As the junta approaches the anniversary of its third year of military dictatorship, it is going through another phase of red shirt repression. The regime is again seeing reds under its beds and it doesn’t like it.
There are frantic junta imaginations of fantastical red shirt assassination plots, reds infiltrating Wat Dhammakaya, separatist rebellion and more.
This reaction appears to derive from two closely related perceptions: first, a view that any opposition is an immediate threat to the junta’s stability; and second, a desire for regime longevity, where “regime” is the broader elite military-monarchy-business alliance.
At least an element of this perception derives from yellow-shirted and anti-democratic grumbling about the junta having lost its zeal for “reform” – defined as rooting out the Thaksin Shinawatra regime. That grumbling has also been associated with some southern protests over ports and cola-fired power stations. It seems the junta felt its right wing was weakening in its support.
The result has been an intensification of both anti-Thaksinism and anti-red shirt repression.
The targeting of Thaksin has involved an effort to levy Thaksin for past taxes due (although we had somehow thought that the assets stripping case was part of the “tax’) and going after loyalists in a series of legal cases.
The anti-red shirt effort has been frenzied of late, with the Wuthipong Kachathamakul or Ko Tee weapons and assassination stories and the earlier (and probably related in the minds of the junta) plots said to be originating in Laos.
At the same time, the courts have been at work, dealing with red shirt cases. The most recent of those sees the Appeals Court upholding a “lower court’s sentence of a four-year jail term each, without suspension, for singer Arisman Pongruangrong and 12 other red-shirts for leading protesters who forced their way into the Royal Cliff Beach Resort Hotel in Pattaya, where the 2009 Asean Summit was being held.”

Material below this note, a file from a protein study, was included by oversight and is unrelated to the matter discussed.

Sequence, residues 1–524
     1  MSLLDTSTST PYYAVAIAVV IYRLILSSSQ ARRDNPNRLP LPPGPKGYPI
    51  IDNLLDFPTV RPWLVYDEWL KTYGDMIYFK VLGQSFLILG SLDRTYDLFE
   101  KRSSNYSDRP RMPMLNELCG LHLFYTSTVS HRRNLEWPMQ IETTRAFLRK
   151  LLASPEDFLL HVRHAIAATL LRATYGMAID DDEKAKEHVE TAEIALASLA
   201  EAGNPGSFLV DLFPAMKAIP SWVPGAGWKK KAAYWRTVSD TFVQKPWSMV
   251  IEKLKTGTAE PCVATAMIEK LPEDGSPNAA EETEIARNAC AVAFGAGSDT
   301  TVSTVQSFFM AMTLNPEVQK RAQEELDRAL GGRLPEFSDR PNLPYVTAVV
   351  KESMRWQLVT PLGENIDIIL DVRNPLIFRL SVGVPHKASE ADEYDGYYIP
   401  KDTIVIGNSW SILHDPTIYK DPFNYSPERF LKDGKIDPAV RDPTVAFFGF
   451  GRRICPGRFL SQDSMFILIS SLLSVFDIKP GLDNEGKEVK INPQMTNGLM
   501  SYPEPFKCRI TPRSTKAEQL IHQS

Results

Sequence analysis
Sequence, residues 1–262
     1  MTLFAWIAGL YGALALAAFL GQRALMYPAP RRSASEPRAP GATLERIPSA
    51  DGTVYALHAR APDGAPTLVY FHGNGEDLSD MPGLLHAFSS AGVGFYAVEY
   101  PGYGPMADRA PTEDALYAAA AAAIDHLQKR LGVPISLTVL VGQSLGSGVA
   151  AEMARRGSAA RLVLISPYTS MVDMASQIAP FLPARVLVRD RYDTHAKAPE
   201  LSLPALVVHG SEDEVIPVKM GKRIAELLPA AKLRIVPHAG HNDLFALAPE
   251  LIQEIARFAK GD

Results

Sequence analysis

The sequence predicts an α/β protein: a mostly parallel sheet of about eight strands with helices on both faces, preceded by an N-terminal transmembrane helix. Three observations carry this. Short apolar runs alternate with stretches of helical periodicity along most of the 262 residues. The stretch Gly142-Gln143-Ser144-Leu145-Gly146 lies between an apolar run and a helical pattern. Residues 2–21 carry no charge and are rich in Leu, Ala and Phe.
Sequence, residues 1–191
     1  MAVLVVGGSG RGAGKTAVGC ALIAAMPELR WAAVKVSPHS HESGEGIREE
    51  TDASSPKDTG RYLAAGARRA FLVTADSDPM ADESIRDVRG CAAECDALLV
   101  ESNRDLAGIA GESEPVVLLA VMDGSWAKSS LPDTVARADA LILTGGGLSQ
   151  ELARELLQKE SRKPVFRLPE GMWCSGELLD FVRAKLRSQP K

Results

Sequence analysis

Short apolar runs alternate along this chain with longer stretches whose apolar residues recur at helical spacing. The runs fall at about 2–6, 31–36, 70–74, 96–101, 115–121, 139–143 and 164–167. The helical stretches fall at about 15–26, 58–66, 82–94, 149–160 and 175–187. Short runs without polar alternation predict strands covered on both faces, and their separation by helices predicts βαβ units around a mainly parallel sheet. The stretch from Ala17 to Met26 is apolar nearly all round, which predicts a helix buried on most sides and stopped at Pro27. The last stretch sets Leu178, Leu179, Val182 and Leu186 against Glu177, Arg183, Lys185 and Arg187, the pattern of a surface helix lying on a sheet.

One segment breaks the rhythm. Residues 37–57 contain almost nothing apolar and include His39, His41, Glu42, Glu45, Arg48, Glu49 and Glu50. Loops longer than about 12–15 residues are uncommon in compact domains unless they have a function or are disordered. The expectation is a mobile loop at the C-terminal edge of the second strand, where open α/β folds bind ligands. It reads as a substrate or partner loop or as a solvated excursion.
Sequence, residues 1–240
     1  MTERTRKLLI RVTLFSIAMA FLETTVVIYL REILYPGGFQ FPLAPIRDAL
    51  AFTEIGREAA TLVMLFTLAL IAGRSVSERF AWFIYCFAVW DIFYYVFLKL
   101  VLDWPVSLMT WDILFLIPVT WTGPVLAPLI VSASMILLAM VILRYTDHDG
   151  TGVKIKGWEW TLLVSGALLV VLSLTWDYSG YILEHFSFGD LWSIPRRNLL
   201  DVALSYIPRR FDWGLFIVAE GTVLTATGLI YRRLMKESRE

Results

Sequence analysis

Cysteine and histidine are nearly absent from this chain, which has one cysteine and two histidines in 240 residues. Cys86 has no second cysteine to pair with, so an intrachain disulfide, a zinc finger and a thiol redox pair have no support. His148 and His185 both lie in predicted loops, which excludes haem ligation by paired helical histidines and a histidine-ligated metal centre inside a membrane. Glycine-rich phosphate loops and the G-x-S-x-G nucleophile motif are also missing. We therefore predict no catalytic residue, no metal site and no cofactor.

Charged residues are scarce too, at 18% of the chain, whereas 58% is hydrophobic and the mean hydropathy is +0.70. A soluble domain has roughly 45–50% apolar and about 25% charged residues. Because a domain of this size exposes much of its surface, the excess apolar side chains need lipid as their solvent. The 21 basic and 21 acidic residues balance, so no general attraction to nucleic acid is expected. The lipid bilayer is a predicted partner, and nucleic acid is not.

(What has happened with the yellow shirt occupation of airports in 2008?)
They were prosecuted “for defying an order prohibiting a rally of more than 10 people and causing unrest.”
(What has happened to all the yellow shirts who broke similar laws?)
In early 2015, they were sentenced to four years each in jail, without suspension, and a fine of 200 baht. Those sentenced were:
Arisman Pongruangrong, Nisit Sinthuprai, Payap Panket, Worachai Hema, Wanchana Kerddee, Pichet Sukjindathong, Sakda Noppasit, Pol Lt Col Waipot Aparat, Nopporn Namchiangtai, Samrerng Prachamrua, Somyot Promma, Wallop Yangtrong and Singthong Buachum.
The Appeals Court upheld the lower court’s ruling, which sentences the 13 to four years each in jail without suspension. Bail may follow, but the threat is clear.
This is a pattern seen previously, although the junta does appear more frantic in its efforts at present.